The Buddha and His Enemy

11 Jun


Devadatta attempts to assassinate the Buddha

The following is my comments after watching the video of Prof. Donald S Lopez explaining about Devadatta in Tsem Rinpoche’s blog:-

In this video, Professor Donald S Lopez tells a clear and vivid story of the Buddha and his infamous nemesis, Devadatta from the Dhammapada Sutta – a collected sayings of the Buddha. I found it amazing that someone so close to the Buddha could still be so hateful of him. Perhaps, the wrong views and negative karma was so strong that Devadatta felt compelled to act in ways that earned his position as one of the most heinous person in all of Buddhism.

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In his lecture, Prof Donald explains how Devadatta attempted to assassinate the Buddha and what I found interesting was the fact that he only came to show his true colors when the Buddha turned 72. In front of an assembly of monks, Devadatta requested that the Buddha retire because he was old and that Devadatta himself would take over. Needless to say, the Buddha refused all of his requests and that angered Devadatta. Before that, Devadatta was described as a devoted monk and follower of the Buddha for decades. This is a reflection of how certain students who have superficial faith in the lama and when they are challenged or put into position where they have to perform or transform, they developed wrong views of the lama and reject what the lama had done for them for many years. It’s particularly sad especially because the student had been in the Dharma for so long but did not practice at all.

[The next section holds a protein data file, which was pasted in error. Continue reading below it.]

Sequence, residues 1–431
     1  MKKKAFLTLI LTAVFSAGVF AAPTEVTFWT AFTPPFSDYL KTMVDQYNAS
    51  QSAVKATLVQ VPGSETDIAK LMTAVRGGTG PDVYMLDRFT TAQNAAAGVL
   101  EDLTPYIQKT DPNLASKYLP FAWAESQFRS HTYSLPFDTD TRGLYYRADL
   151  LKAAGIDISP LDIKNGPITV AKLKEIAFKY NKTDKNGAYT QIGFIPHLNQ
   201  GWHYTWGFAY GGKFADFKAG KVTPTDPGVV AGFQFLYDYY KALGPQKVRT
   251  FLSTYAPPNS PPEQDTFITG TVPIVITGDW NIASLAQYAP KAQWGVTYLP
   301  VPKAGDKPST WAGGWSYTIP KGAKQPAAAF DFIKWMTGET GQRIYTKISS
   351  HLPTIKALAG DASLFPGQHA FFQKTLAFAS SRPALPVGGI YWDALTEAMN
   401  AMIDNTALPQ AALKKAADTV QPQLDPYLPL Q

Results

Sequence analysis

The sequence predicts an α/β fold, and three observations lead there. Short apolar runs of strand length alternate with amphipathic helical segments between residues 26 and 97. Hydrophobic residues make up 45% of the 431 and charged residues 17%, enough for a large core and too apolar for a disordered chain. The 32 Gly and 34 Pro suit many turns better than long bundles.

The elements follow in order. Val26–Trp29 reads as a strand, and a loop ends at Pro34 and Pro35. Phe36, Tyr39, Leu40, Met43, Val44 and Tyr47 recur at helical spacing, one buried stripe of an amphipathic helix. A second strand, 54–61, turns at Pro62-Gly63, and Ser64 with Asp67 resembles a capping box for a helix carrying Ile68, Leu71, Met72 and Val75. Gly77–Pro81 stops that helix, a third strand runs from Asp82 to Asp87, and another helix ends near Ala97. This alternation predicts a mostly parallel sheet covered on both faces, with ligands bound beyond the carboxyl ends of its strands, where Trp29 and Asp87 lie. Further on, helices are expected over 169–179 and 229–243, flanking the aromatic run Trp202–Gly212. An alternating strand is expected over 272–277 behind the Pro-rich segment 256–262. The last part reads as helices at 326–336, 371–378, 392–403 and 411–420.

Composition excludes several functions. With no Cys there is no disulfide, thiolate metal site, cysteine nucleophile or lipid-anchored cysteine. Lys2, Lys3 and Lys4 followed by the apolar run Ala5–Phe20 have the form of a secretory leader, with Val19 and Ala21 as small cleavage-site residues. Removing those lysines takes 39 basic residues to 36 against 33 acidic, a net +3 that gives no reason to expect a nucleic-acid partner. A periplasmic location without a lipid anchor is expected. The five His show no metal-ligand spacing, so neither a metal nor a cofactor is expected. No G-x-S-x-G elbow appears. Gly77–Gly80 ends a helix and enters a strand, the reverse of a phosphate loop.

As his anger arose, he quickly devised various schemes to avenge his rejection. He attempted to assassinate the Buddha on 3 attempts but failed at each attempt and he even tried to create dissension within the community of monks. He demanded that the Buddha and the community of monks should abide by 5 rules and they are:

1. that monks should dwell all their lives in the forest,
2. that they should accept no invitations to meals, but live entirely on alms obtained by begging,
3. that they should wear only robes made of discarded rags and accept no robes from the laity,
4. that they should dwell at the foot of a tree and not under a roof,
5. that they should abstain completely from fish and flesh.

However, the Buddha refused to make any of these practices obligatory except for the last rule. I found this to be interesting because not only do some students reject the lama and develop wrong views, many deliberately try to influence others and clearly, Devadatta devised these rules to create dissension out of spite. Many of the monks left the Buddha because they felt the Buddha was living luxuriously by not abiding by these ascetic practices. Hence, we are discouraged from associating with those who have developed wrong views of our lama and this is not to sideline them but to allow them space to think things through. This is especially important for us when our minds and opinion of our lama goes up and down all the time. If we cannot influence them positively, it is better that we leave them alone lest we ourselves are adversely influenced.